Medicare, Prescription Drugs, and the MSA
On May 14, 2010 CMS Central Office published some important changes about the way Medicare will view prescription drugs in MSAs. Before we discuss the impact of these changes on future settlements, it is appropriate to mention numerous companies, and groups, acting in concert on behalf of the industry, are responsible for driving this significant and logical change.
CMS Part D: Medicare Prescription Coverage
One of the most significant changes is Medicare’s statement saying they will no longer support off-label use of drugs in MSA calculations. This decision impacts certain high cost drugs inappropriately prescribed by physicians for a long time.
While a positive effect on settlements will be seen, as the cost of these drugs will be accepted by the WCRC as “non-covered” and outside of the MSA costs, the decision also requires the selection of an MSA vendor with a trained and knowledgeable staff of pharmacists with a serious understanding of and ability to navigate the FDA guidelines and multiple drug compendia referenced by CMS to take full advantage of the reductions.
A team of pharmacy experts analyzed off-label usage of drugs in workers’ compensation claims and discovered the 10 most commonly prescribed drugs used for non-FDA or compendia accepted conditions are: Actiq, Cymbalta, Gabapentin, Gabitril, Lamictal, Lidoderm, Neurontin, Provigil, Seroquel, and Trazadone.
The short list is only an example of some of the more common drugs used for off-label conditions. Being on the off-label list, does not mean these drugs will never be seen in an MSA projection when the medical condition is appropriate.
CMS Operating Rules
The new CMS Operating Rules, released on 4/22/10, indicate a Brand to Generic substitution will not generally be accepted in the MSA if all evidence indicates a Brand has historically been prescribed.
Please note, a substantial number of states have statutes requiring or allowing Brand to Generic substitution except in cases where the drug is prescribed “Dispense as Written” (DAW). It’s important to be fully informed on all these statutes and/or seek legal counsel who will employ a legal argument to reduce the MSA and will supply irrefutable legal citations to support Prescription Drug Review positions.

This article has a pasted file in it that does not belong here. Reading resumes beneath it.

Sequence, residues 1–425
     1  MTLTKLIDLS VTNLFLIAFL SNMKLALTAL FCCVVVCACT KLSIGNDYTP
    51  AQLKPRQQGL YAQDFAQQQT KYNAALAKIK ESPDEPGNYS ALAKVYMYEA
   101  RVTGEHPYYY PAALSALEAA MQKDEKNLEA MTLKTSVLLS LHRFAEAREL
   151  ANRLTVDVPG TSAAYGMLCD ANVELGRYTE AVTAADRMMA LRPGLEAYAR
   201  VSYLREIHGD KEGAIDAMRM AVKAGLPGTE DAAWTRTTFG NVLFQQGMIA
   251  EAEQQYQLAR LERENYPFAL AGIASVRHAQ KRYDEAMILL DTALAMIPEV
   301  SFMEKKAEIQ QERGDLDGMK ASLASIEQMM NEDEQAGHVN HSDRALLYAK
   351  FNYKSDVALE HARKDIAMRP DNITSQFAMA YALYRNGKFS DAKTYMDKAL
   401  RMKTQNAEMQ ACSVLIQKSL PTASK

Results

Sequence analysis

Prescription Drug Reviews
Prescription Drug Reviews (PDR) must continue to work in harmony with clinical, pharmaceutical, and legal staff to mitigate the Part D component by making medically or legally indicated changes based on contra-indications, duplication of drugs, over-utilization, and lifetime impact.
PDR must be supported by the most up-to-date medical and legal evidence. It is gratifying to learn that after a year of struggling with drugs, the WCRC has added pharmacists and pain management specialists to their internal staff.
These new experts are a welcome addition because they understand and will accept clinical and pharmaceutical standards for coordination of future care. Statistical evidence shows an increased acceptance of drug reviews over the last 60 days and it appears that CMS is moving towards following their published review policies on Part D.
Reconsideration of Previous Denied Allocations
A most encouraging sign Medicare seriously and fully takes to heart these changes is the fact Medicare agrees it is proper for MSA rejected under the old, flawed rules can be resubmitted for reconsideration under the new rules.
In the future, these changes allow for a quick first pass approval without the need for the lengthy reconsideration procedures plaguing the industry since June of 2009.
CMS Memo: Rated Ages
In addition to addressing off-label Rx, CMS has indicated that submitters must certify “that all rated ages obtained on the claimant, at any time during that individual claimant’s lifetime, have been included as part of the submission to CMS.”
While this is a poorly worded certification given the reality of what rated ages are and how long they are valid, we understand the intent. CMS does not want insurers or submitters hiding rated ages to misrepresent the life expectancy.
Those responsible for driving these significant and logical changes, as noted above, are in the process of reviewing the language and practices for securing rated ages from and for clients and we will provide CMS the language they require in our submissions to meet this new standard.
Since the memorandum’s publication May 21, 2010, there have been many confusing exchanges on how to implement these rules in MSAs. In reality the rules are quite simple to follow if your vendor has the appropriate multi-disciplinary experts involved in the MSA process.
Do not use this information without independent verification. All state laws vary. You should consult with your insurance broker or agent about workers’ comp issues.
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